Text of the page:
Another loud rumble bursts out, only this time it’s really close. In fact, it appears to be coming from the vicinity of my stomach. I still have no idea where the explosions are coming from but given the choice between death and breakfast I opt for the latter and head down to meet both my maker and the lovely lady serving up fresh cooked hoppers (rice pancakes made from fermented rice flour and coconut milk topped with a fried egg) in the dining room.
She seems completely unfazed by our impending deaths, but I figure at least if I’m going to die anyway, I can stop worrying about calories and stack my plate high with fragrant curries, a huge spoonful of dahl and a hit of milk rice.
A waiter offers me tea, just as another explosion erupts and I dive under my table. He laughingly explains that the noise is just a bunch of fireworks set off in pots surrounding the restaurant to scare of the relentlessly cheeky crows that are lined up and eyeing off my breakfast.
Oh. That’s right. I’d forgotten that I’m a melodramatic idiot.
Relatively satisified that I will not die this morning, I decide to take my chances outside the hotel. When Dilan arrives he kindly escorts his overly imaginative charge to the rather fragrant Negombo Fish Market.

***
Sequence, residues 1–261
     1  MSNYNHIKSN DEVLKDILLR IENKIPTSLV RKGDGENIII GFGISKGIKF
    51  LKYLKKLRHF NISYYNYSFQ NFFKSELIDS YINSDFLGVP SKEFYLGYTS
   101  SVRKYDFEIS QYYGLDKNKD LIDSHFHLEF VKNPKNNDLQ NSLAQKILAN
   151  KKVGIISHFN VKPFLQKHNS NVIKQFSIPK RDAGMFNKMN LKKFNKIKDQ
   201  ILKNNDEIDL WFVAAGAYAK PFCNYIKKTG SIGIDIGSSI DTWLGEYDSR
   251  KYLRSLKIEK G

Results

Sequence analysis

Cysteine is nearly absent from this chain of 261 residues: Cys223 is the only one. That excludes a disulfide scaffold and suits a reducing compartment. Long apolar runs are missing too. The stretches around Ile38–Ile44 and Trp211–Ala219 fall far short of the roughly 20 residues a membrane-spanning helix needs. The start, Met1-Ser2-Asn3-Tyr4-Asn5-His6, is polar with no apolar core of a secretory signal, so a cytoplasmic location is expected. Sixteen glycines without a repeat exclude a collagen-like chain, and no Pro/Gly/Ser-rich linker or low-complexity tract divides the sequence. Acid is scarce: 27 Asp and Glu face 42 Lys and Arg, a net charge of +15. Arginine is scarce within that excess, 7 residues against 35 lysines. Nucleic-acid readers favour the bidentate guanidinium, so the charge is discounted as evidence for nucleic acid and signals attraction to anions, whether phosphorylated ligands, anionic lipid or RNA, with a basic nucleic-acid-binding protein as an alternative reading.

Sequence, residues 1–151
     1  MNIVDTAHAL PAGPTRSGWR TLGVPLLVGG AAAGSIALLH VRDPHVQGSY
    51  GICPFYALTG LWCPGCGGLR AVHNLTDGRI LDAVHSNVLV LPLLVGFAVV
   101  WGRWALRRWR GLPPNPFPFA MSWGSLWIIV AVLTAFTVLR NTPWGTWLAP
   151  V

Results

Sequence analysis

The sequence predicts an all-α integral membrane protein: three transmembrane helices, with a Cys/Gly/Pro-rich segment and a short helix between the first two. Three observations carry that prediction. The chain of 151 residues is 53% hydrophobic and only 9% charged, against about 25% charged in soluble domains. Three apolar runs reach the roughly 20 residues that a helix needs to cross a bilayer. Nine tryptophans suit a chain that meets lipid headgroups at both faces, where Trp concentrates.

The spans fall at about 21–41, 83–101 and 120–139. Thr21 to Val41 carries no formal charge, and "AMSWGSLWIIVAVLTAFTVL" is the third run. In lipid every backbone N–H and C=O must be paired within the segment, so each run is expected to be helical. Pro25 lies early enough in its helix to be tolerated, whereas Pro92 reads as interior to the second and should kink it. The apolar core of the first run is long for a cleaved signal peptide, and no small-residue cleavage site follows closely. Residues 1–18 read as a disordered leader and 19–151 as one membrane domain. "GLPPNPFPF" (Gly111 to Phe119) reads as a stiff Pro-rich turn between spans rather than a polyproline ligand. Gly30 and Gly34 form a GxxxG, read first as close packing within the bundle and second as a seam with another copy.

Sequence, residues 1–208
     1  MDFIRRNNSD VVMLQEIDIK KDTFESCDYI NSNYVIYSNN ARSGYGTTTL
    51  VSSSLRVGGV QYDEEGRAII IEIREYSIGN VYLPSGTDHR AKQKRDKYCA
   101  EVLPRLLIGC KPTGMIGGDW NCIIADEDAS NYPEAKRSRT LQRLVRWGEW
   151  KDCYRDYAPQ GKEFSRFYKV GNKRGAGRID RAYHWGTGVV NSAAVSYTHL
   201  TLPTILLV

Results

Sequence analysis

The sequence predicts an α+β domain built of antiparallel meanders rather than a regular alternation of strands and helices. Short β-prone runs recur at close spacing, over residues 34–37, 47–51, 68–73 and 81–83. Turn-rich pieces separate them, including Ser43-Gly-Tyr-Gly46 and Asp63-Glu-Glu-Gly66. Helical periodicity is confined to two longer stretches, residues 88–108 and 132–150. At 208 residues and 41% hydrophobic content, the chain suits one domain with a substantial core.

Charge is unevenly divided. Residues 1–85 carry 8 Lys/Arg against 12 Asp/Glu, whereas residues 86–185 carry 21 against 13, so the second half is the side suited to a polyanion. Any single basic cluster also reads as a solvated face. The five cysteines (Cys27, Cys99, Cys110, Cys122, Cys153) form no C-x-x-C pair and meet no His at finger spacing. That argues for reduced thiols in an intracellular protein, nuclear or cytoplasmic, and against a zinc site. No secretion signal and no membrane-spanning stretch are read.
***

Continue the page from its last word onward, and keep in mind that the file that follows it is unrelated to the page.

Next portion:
It’s a hive of early morning activity and I watch happily as fish are unloaded straight from the oruvas (outrigger canoes) that line the beach.
Fisherman, with their sarongs tied high, fill baskets high with fish and haul them up the beach for cleaning.
In the uncovered wet market, busy vendors sell the morning’s catch of yellowfin, squid, prawns and crabs, along with a bunch of unidentifiable sea creatures glinting in the sunlight.
There’s blood and guts strewn everywhere as fish are scaled and gutted, and cats and dogs are waiting patiently by to sneak off with any stray object that might fly their way.
It is smelly, messy and chaotic but, having been raised by fisherfolk, I feel quite at home.
Outside the wet market are brightly coloured stalls packed high with the freshest of fresh fruit and fragrant spices sold in paper cones. This is my happy place.